Private companies are flooding to Special Interest Acquisition Companies, or SPACs, to bypass the traditional IPO process and gain a public listing. WSJ explains why some critics say investing in these so-called blank-check companies isn’t worth the risk. Illustration: Zoë Soriano/WSJ
Markets and economics are complex. It’s easy to be overwhelmed by a sea of wonky indicators and lose track of why they matter. This series breaks down the basic terms and ideas that move the markets.
Up Next in WSJ Glossary
How PMIs Signal Early Warnings for the Economy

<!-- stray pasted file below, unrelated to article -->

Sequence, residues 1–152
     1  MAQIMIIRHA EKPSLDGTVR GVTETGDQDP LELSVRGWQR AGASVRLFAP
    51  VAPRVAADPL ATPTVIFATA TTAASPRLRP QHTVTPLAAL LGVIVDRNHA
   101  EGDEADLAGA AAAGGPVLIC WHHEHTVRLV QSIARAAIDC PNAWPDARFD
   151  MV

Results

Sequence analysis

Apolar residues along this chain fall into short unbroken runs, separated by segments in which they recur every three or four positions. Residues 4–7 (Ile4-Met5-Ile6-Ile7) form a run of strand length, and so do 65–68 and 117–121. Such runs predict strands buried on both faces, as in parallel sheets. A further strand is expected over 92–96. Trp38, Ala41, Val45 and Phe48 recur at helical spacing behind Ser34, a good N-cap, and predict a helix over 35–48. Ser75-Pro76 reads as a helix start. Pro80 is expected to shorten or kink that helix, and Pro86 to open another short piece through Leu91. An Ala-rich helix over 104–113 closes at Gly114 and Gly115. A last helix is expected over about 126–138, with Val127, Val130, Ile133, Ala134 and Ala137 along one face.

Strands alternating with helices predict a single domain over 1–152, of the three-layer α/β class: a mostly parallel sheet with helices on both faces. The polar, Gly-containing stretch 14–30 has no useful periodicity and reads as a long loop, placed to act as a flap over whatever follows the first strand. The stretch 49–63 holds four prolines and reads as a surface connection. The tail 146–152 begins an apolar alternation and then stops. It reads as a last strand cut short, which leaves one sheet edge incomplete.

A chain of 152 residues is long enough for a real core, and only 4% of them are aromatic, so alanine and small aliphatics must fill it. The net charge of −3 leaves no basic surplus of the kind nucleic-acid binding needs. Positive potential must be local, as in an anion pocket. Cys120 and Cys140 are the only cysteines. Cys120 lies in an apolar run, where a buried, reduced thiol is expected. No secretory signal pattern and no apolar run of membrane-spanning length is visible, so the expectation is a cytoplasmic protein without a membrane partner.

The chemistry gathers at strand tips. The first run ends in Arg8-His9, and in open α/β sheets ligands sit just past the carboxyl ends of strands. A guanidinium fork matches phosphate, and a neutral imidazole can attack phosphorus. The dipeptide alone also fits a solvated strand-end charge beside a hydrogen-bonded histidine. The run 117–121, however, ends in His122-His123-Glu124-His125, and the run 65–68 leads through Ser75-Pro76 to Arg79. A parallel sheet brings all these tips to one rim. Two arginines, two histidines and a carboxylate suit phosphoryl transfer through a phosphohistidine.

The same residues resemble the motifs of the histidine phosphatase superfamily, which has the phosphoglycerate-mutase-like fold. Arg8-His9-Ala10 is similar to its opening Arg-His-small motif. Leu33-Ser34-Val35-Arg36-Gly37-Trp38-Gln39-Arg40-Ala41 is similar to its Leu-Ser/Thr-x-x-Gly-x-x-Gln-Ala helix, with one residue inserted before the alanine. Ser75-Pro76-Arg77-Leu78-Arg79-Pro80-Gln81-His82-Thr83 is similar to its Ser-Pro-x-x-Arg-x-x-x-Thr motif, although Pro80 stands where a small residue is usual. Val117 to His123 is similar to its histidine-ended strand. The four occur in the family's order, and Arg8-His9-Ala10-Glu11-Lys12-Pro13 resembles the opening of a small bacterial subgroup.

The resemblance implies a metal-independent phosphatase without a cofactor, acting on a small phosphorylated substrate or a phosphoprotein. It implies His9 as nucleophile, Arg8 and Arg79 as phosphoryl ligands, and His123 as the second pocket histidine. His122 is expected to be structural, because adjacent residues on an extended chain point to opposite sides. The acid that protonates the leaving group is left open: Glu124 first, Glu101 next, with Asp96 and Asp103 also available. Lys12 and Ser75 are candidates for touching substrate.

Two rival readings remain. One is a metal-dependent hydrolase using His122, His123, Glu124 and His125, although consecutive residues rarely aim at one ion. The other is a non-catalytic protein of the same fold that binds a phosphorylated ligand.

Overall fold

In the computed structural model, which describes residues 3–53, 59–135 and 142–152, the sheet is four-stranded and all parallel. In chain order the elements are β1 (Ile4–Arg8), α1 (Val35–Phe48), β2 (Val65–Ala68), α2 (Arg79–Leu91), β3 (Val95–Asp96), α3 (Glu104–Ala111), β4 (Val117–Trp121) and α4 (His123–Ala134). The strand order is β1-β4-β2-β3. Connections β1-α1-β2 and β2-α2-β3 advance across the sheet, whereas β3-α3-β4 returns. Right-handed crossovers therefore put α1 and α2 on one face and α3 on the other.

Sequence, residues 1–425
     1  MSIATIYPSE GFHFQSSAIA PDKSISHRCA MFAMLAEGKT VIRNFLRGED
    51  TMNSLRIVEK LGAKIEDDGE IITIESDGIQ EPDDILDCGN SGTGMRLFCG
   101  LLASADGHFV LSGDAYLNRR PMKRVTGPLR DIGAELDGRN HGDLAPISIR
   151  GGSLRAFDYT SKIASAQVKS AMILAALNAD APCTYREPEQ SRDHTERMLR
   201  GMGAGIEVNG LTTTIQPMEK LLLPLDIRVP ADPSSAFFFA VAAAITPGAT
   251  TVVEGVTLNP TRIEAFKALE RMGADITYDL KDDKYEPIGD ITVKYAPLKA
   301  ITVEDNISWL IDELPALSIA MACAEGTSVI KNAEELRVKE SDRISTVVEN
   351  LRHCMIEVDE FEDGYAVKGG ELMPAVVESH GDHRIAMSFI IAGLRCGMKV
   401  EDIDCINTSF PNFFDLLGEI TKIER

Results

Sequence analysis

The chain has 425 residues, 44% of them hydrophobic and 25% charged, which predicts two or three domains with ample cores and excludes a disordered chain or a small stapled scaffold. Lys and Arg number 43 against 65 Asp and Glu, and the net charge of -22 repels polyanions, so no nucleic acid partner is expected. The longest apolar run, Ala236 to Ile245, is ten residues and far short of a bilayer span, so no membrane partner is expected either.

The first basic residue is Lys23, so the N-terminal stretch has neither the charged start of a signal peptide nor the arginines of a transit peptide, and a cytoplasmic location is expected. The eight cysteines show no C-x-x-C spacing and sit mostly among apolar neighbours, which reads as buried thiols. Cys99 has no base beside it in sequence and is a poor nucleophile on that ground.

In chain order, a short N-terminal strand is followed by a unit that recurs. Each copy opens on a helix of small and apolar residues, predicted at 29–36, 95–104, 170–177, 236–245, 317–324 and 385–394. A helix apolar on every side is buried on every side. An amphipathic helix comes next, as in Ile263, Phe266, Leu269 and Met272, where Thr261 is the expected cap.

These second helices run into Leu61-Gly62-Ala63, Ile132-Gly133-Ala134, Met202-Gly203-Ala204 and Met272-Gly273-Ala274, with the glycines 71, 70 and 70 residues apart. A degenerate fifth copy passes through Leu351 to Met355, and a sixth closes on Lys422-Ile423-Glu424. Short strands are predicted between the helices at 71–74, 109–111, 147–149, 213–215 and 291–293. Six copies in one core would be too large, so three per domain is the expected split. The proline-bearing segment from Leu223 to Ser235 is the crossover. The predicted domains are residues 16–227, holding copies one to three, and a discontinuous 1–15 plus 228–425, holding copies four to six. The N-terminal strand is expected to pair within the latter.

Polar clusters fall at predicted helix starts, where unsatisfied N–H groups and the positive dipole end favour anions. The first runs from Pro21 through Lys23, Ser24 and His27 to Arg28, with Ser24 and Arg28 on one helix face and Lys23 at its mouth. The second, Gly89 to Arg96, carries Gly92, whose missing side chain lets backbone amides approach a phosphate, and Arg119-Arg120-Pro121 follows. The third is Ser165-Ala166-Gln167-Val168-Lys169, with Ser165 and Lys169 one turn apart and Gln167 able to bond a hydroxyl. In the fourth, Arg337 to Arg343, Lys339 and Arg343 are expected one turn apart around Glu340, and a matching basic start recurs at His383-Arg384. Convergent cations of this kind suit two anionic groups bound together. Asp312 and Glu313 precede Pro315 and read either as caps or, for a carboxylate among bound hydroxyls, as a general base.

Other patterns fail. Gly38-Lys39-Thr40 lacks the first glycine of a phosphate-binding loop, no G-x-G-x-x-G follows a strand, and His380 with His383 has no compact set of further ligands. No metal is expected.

In 2018 and 2019 during the U.S.-China trade war, investors and policy makers embraced global manufacturing PMIs as a leading barometer of economic health. WSJ explains how purchasing managers can offer an early look at the direction of the economy.
Real Life. Real News. Real Voices
Help us tell more of the stories that matterBecome a founding member
Cash Is Back. Here’s Why
Cash is often viewed as a safe, but boring investment. But lately, it’s looking shinier than it has in a while. WSJ explains why investors are piling trillions into money market accounts, even as stocks reach new highs.
The Debate Over Share Buybacks, Explained
Companies on the S&P 500 have poured more than $5.3 trillion into repurchasing their own shares since 2010. WSJ explains how stock buybacks work, and why there’s debate over whether or not they’re good for the economy.
Subscribe to the newsletter news
We hate SPAM and promise to keep your email address safe